Monday, January 14, 2013

L-com's New Ruggedized Ethernet Cabling Line

Ruggedized Ethernet Cabling

( L-com's new ruggedized Ethernet cables with IP68 connectors

L-com recently introduced a new line of ruggedized Ethernet cables so I thought I would post on some of the features of these cables and why they matter. Ethernet, as you know, has seeped in to nearly every facet of business and life. Now, connectivity is not only essential in homes and offices, but often in industrial sites, large-scale construction sites, harsh environments such as jungles and deserts, and in dangerous or active combat zones. In many cases, cellular connectivity is available, but not all. What happens when you have a location that requires a physical Ethernet structure, but the location itself is damaging or corrosive to that structure?

Ingress Protection - IP68 Rated

One aspect of ruggedized Ethernet cables is that they are IP68 rated. What does that mean? IP stands for Ingress Protection, and is a standardized method of determining how resistant to ingress, such as dust, dirt, sand, and moisture, a connection is. There is a great FAQ about IP ratings on L-com's website here. The IP68 rating is the highest rating attainable, meaning when properly mated the connection should be completely protected against dust and protected against long periods of immersion in water under pressure. Your application may not require quite that degree of protection, but it is usually best to err on the side of caution and get a cable that is more protected than you need.

Double Shielding - STP

Double shielded twisted pair (STP) cable stripped

Ethernet cables are typically composed of four twisted pairs of conductors. The twisting in the conductors allows the data to move quickly and be resistant to EMI/RFI. This kind of cabling is typically called UTP, which stands for Unshielded Twisted Pair cabling. Unshielded cable is usually preferred because it is lighter, cheaper, and the shield needs to be drained and is often unnecessary.

But there are circumstances when Shielded Twisted Pair (STP) is required. The shield, when properly drained at both ends, absorbs and re-directs much of the Electro-magnetic interference (EMI) and radio frequency interference (RFI). These random signals that interfere with the data signal can dramatically slow down a network as the nodes need to re-send the packets frequently. In extreme cases, such as near heavy-duty power lines or large magnetic devices, the signal will not be able to link at all. The shielding in the ruggedized cables protects against this interference much better than non-shielded cables.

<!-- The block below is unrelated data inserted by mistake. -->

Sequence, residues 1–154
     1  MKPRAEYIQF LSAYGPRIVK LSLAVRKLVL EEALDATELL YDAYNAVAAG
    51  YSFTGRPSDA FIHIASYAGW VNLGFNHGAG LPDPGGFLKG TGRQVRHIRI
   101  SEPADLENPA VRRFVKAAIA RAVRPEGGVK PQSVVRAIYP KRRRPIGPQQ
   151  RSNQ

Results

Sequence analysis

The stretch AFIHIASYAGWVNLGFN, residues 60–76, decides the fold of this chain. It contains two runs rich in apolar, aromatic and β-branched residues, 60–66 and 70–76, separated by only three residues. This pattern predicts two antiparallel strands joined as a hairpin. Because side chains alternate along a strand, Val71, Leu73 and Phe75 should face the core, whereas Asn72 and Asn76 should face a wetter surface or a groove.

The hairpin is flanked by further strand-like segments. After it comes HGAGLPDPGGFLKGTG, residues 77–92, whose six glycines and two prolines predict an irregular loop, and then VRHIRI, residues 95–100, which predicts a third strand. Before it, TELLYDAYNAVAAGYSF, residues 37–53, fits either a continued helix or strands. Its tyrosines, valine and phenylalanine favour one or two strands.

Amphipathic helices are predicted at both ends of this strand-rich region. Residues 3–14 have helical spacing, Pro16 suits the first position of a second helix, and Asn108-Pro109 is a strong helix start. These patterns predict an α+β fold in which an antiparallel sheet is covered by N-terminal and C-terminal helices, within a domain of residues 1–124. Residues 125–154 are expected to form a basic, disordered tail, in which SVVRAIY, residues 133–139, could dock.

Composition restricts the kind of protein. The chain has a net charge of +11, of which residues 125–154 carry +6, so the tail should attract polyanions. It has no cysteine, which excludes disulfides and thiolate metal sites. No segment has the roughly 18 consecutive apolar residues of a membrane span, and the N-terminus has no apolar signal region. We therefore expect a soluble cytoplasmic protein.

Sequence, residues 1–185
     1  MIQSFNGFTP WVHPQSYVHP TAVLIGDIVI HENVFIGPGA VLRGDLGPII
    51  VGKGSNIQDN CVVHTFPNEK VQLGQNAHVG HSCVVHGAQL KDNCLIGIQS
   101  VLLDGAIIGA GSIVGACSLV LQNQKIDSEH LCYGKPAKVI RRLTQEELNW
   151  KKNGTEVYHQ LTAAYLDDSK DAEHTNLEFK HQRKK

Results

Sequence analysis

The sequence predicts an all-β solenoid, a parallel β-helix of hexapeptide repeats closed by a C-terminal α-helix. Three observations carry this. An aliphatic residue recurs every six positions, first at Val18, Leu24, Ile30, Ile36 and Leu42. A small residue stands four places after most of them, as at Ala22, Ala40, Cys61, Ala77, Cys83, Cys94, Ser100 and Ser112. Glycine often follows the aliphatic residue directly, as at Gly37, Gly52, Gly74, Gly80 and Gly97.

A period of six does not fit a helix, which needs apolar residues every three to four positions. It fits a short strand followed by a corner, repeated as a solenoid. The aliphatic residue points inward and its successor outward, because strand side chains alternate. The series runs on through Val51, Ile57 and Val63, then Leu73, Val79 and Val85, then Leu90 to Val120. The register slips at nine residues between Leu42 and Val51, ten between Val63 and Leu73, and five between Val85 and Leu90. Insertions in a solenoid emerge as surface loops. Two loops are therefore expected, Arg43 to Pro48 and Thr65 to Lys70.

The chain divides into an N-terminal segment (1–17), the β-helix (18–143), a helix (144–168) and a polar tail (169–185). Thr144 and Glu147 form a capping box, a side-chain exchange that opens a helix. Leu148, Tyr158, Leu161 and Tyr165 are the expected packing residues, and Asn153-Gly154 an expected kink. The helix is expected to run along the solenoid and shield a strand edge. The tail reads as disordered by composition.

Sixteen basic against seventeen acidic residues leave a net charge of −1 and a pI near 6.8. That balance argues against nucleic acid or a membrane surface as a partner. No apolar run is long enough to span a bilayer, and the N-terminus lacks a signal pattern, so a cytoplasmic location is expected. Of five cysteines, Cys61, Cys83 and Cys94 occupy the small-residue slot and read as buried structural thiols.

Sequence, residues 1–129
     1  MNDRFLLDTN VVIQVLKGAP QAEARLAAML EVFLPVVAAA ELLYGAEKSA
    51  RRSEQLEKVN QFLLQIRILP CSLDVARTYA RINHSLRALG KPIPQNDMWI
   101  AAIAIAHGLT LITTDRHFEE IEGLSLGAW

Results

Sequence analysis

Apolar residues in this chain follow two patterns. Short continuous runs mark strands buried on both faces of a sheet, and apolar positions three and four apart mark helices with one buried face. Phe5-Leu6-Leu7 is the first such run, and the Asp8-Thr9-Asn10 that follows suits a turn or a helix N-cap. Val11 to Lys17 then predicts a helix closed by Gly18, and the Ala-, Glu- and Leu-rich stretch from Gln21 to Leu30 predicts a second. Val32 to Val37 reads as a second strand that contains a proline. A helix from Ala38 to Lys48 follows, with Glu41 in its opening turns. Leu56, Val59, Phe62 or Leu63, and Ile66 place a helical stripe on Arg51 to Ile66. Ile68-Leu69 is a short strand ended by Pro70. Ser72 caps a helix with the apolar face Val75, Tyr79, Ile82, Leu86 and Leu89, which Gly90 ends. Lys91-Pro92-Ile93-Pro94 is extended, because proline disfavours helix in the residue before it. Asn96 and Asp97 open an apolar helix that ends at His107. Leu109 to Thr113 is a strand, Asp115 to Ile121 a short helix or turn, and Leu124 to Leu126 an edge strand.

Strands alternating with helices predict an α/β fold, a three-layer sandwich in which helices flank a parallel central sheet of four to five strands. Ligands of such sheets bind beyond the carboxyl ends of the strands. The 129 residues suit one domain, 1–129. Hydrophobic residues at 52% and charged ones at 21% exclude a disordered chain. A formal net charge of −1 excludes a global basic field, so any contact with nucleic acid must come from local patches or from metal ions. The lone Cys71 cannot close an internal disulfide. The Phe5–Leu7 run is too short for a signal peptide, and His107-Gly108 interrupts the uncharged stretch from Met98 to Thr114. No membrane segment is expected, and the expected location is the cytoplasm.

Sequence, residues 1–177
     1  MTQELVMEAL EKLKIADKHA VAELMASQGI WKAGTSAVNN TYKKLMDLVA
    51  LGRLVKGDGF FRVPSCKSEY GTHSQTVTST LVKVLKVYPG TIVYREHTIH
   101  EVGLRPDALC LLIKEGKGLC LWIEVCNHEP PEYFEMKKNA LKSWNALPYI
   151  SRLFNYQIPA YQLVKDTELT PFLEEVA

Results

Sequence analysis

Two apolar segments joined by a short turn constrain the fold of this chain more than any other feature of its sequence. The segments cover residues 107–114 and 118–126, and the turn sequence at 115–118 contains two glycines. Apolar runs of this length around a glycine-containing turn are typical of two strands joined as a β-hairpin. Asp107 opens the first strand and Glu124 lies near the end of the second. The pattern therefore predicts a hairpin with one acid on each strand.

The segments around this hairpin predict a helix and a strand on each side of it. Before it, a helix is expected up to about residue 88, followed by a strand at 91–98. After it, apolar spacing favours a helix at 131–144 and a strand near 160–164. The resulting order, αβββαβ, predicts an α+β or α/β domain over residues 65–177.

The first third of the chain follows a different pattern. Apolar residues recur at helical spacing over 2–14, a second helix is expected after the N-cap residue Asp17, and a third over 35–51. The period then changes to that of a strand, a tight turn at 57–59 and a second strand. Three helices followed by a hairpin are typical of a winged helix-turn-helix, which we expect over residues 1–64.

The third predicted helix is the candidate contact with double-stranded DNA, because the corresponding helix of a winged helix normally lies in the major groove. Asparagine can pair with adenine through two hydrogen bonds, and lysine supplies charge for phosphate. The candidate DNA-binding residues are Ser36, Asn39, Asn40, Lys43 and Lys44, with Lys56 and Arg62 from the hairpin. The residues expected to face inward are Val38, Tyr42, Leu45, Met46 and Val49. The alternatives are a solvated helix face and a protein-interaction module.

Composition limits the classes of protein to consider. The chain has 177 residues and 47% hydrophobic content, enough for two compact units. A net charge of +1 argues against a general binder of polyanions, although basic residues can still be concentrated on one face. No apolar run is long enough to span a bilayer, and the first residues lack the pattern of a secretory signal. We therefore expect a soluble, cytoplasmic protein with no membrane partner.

Jacket Material - FR-TPE

Flame Retardant Thermoplastic Elastomer sounds like a mouthful, but FR-TPE jacketed cables are required in some applications. The durable and flexible compound that makes up the jacket is resistant to both UV and oils, which can break down the jacket over time and eventually destroy the cable. Also, the material will resist burning, which will greatly reduce the chance of a fire in one location "leaping" to another by burning along the cable jackets installed behind a wall or over a ceiling.

Transversely Sealed, Hooded RJ45 Connectors - ZnNi or ANOD

Close up of transversely sealed Ethernet RJ45 jack from L-com Global Connectivity

Often, the inside of a device is sensitive to the environment and the outer shell or chassis is meant to protect it. In these cases, no matter how well the chassis blocks out the elements of the outer environment, connector points in the chassis are a weak point. In these cases, transversely sealed jacks are required to ensure the two environments don't mix. L-com's transversely sealed ruggedized jacks are designed to prevent moisture from penetrating the connector while submerged under 1 meter for up to two days!

Another important consideration of the connectors on ruggedized Ethernet products is the conductivity. I mentioned earlier that the shield on the cable must be drained. This is done by electrically connecting it to ground. In some cases, the chassis itself is electrically connected to ground, so using a Zinc-Nickel (ZnNi) finished connector will allow the shield to drain directly into the chassis once it is mated. But, there are other cases where the chassis is not electrically grounded. In those cases, Anodized Aluminum (ANOD) finished connectors will prevent the EMI/RFI riding on the shield from draining and instead carry it through the jack into the chassis where it can be drained internally.

Quick note: L-com's eight new ruggedized Ethernet cable lines and ruggedized jacks are available off-the-shelf to serve your harsh environment Ethernet applications. We stock these products so you can rely on us to deliver the high quality that our brand represents. Check out all of our harsh environment Ethernet products and contact us if you need a custom product!

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